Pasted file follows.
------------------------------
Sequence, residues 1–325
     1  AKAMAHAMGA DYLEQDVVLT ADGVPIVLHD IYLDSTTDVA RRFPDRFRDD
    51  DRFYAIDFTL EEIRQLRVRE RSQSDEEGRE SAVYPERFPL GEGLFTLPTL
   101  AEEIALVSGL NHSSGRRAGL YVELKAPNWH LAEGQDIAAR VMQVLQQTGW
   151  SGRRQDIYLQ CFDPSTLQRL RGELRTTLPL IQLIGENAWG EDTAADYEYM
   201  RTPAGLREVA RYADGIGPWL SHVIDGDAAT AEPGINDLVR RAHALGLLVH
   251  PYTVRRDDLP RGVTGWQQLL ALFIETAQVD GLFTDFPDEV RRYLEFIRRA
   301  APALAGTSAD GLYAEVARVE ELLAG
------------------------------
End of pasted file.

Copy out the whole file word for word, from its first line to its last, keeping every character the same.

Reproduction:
Sequence, residues 1–325
     1  AKAMAHAMGA DYLEQDVVLT ADGVPIVLHD IYLDSTTDVA RRFPDRFRDD
    51  DRFYAIDFTL EEIRQLRVRE RSQSDEEGRE SAVYPERFPL GEGLFTLPTL
   101  AEEIALVSGL NHSSGRRAGL YVELKAPNWH LAEGQDIAAR VMQVLQQTGW
   151  SGRRQDIYLQ CFDPSTLQRL RGELRTTLPL IQLIGENAWG EDTAADYEYM
   201  RTPAGLREVA RYADGIGPWL SHVIDGDAAT AEPGINDLVR RAHALGLLVH
   251  PYTVRRDDLP RGVTGWQQLL ALFIETAQVD GLFTDFPDEV RRYLEFIRRA
   301  APALAGTSAD GLYAEVARVE ELLAG